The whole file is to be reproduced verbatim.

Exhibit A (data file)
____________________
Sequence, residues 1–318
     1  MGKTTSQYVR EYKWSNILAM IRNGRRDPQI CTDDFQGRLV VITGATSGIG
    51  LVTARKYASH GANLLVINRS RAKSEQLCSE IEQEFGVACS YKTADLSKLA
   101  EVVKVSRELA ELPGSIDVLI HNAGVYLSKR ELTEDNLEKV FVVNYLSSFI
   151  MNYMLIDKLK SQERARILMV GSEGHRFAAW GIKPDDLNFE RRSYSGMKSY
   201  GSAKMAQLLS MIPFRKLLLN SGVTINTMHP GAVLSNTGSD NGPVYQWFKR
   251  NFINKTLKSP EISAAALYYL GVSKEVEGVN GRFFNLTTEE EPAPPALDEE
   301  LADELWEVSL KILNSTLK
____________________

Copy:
Sequence, residues 1–318
     1  MGKTTSQYVR EYKWSNILAM IRNGRRDPQI CTDDFQGRLV VITGATSGIG
    51  LVTARKYASH GANLLVINRS RAKSEQLCSE IEQEFGVACS YKTADLSKLA
   101  EVVKVSRELA ELPGSIDVLI HNAGVYLSKR ELTEDNLEKV FVVNYLSSFI
   151  MNYMLIDKLK SQERARILMV GSEGHRFAAW GIKPDDLNFE RRSYSGMKSY
   201  GSAKMAQLLS MIPFRKLLLN SGVTINTMHP GAVLSNTGSD NGPVYQWFKR
   251  NFINKTLKSP EISAAALYYL GVSKEVEGVN GRFFNLTTEE EPAPPALDEE
   301  LADELWEVSL KILNSTLK